Spider-Man and Solo go after Ultimatum's leader in the United States, while Silver Sable and Captain America pursue Sabretooth in the jungles of Mexico. And then things get very very bad.

So far in The McSpidey Chronicles, I've covered 26 comics drawn by Todd McFarlane, occasionally with some inking help. This week, I'm covering an issue McFarlane didn't draw. Erik Larsen filled in on issue #324 to give McFarlane some much needed time to wrap up the "Assassin Nation Plot" in the next issue.

You never want to have a fill-in in a six-issue storyline, let alone in the second-to-last one, but we'll see in the next issue that it was time well bought. McFarlane came back with a superb wrap-up issue.

I couldn't let this opportunity pass, though, to look at Larsen's Spider-Man art from before his run on the title began a few months later.

It's amazing to look at an issue of "Savage Dragon" today and compare it to "Amazing Spider-Man" then. It's barely recognizable as the same artist. The Larsen of 1989 drew action figures on the page. Captain America is a particularly barrel-chested figure, but everyone else looks cut from the same mold, partway between Rob Liefeld and Ron Lim. It's a slightly more stylized and dynamic Mark Bagley.

It's not bad, but I can see the faults better today than I could back then, in my first summer of comics reading. Back in 1989, this is what a comic book looked like to me. The tall panels, the borders of thick ink or boxes-within-boxes, the white space surrounding the panels that didn't extend the width or height of the page, and characters who would explode past the borders of their panels once a page.

The stories were villain-based, not grounded in the headlines of the day, and featured a rotating cast of colorful characters who came and went as plots were needed. In some of those ways, Larsen was perfect for this book. He is a comic book artist, not a fine artist/Hollywood storyboard/pitch-maker who wants his art to be photorealistic. He wants to draw like Jack Kirby and Walt Simonson. That's a different league all together, one based on dramatics and style as much as storytelling.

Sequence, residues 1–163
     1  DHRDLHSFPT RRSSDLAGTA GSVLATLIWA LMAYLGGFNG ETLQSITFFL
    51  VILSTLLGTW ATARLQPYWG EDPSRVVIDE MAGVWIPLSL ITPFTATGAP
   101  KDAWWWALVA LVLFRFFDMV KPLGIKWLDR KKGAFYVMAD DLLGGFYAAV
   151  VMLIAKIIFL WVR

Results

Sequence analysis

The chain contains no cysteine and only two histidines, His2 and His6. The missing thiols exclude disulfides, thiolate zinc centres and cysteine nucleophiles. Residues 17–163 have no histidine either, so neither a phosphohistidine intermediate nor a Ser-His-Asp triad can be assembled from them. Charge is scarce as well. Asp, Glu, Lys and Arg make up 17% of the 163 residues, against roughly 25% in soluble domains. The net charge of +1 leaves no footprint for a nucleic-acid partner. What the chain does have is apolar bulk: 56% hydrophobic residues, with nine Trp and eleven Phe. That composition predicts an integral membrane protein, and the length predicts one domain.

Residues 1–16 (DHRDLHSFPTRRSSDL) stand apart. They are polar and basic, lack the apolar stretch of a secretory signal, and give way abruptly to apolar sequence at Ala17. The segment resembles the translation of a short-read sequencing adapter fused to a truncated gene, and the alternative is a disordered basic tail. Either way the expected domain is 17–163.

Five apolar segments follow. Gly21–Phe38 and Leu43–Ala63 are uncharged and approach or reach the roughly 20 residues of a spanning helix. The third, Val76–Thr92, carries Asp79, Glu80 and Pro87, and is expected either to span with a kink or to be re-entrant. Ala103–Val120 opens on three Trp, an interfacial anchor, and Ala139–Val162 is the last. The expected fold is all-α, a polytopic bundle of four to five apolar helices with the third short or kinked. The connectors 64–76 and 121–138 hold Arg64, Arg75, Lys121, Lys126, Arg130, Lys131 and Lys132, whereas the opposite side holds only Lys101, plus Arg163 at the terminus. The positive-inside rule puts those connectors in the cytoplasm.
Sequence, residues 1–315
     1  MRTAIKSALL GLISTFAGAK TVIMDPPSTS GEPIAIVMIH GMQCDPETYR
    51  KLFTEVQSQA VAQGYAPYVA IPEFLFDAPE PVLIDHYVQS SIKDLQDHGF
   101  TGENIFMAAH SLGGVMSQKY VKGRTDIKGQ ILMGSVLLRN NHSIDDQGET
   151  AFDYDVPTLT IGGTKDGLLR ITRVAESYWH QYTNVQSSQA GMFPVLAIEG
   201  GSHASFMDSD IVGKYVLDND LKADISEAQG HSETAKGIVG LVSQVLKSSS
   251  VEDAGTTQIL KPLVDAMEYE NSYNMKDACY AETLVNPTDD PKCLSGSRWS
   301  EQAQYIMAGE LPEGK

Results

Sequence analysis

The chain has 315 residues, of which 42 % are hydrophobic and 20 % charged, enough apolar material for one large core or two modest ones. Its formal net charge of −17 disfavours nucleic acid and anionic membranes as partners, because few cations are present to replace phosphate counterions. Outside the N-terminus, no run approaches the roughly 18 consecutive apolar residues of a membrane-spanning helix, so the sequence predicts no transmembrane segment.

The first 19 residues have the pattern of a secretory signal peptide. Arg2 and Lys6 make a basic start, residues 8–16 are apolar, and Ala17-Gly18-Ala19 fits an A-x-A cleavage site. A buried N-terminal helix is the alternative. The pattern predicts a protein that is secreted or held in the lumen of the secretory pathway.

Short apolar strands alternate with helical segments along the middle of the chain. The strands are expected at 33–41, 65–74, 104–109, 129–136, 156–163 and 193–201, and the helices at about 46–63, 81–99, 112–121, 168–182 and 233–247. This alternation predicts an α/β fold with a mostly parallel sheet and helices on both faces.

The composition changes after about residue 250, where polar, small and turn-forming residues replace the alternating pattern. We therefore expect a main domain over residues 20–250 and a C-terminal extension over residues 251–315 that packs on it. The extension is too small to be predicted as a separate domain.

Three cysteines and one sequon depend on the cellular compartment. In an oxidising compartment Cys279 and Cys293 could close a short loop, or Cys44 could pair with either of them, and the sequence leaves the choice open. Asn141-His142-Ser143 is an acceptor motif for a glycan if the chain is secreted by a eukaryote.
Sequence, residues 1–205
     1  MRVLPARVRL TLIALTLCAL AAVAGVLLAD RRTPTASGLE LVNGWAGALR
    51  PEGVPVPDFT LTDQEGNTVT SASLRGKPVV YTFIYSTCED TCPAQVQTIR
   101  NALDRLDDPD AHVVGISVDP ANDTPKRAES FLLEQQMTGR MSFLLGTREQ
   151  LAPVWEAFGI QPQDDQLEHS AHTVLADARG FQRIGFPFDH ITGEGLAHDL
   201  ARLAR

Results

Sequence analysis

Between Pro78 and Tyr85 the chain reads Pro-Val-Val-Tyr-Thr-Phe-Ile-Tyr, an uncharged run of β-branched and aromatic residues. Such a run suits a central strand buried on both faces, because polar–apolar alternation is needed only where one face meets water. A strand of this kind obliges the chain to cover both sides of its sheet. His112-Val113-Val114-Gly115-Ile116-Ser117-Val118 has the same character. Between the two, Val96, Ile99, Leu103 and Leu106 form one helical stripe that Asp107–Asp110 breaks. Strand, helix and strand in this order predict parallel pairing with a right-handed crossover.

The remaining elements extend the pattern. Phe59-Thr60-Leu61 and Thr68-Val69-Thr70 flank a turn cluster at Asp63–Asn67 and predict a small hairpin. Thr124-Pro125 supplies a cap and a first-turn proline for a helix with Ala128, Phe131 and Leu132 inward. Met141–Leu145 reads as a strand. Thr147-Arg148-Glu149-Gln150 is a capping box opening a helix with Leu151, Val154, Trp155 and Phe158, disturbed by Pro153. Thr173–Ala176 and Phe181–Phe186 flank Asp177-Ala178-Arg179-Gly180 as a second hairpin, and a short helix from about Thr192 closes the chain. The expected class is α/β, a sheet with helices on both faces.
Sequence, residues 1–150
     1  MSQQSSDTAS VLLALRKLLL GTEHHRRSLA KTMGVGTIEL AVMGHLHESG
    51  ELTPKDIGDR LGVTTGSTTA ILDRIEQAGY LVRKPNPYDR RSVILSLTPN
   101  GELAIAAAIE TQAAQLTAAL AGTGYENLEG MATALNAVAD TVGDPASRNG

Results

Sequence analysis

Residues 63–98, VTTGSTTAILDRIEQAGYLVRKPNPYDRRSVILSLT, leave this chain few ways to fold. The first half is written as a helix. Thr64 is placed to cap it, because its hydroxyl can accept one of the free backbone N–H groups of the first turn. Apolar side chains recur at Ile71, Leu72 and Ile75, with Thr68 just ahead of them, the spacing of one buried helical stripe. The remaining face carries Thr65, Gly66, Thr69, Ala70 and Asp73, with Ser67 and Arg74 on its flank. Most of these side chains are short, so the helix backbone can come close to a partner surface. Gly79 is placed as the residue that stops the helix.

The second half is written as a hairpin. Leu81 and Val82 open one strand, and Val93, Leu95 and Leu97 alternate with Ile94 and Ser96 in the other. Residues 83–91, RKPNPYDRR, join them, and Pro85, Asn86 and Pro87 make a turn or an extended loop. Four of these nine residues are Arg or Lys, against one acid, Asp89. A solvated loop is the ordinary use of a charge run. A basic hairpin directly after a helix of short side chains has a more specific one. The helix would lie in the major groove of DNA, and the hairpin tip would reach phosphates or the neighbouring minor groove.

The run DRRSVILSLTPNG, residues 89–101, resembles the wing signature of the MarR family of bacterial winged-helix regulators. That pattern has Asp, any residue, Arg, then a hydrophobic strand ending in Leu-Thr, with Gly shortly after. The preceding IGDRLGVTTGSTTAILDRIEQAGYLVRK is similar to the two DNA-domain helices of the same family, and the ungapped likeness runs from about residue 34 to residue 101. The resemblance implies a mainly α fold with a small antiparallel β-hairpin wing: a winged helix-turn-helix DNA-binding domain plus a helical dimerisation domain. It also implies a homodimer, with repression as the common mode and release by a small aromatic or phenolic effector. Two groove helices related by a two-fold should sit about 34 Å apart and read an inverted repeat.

Larsen's art has come a long way since this book. Today, it's far looser. His characters have a much broader array of "looks" to them. His action moments -- which were the highlights of this issue -- are even stronger. The Kirby and Simonson influences are even more obvious today than in 1989, but in a good way. Larsen's growth over the last 25 years is plain to see. I've seen the smaller evolutions happen over the years, but looking so far back today, the bigger picture is impressive.

People gave McFarlane some crap about his Spider-Man's anatomy and the impossible leg angles he used. They must not have seen Larsen's work at the time. It looks cool, but don't look at it too long or you'll wonder just how wide Spider-Man's pelvis must be to space his legs that far apart.

It doesn't matter. It's cool. Exaggeration is at the very heart of "cartooning," whether that means super-bendable legs or mushy clay faces or zip-and-pose stylings. To many of us, there's life in that imperfection that makes things interesting. There's a wide variety of anatomical imperfections I'm willing to ignore if something looks good.

Compare these Spider-Man drawings to the kind of sketches Larsen does at conventions today. Spider-Man is still wildly posed, but the anatomy seems closer to real life. You can visualize better where the legs would meet, though that's traditionally always been the "issue" with Spider-Man poses where his upper body hides his hips. The webbing on his costume is drawn with more detail to the contours of Spider-Man's body, and the musculature feels more believable.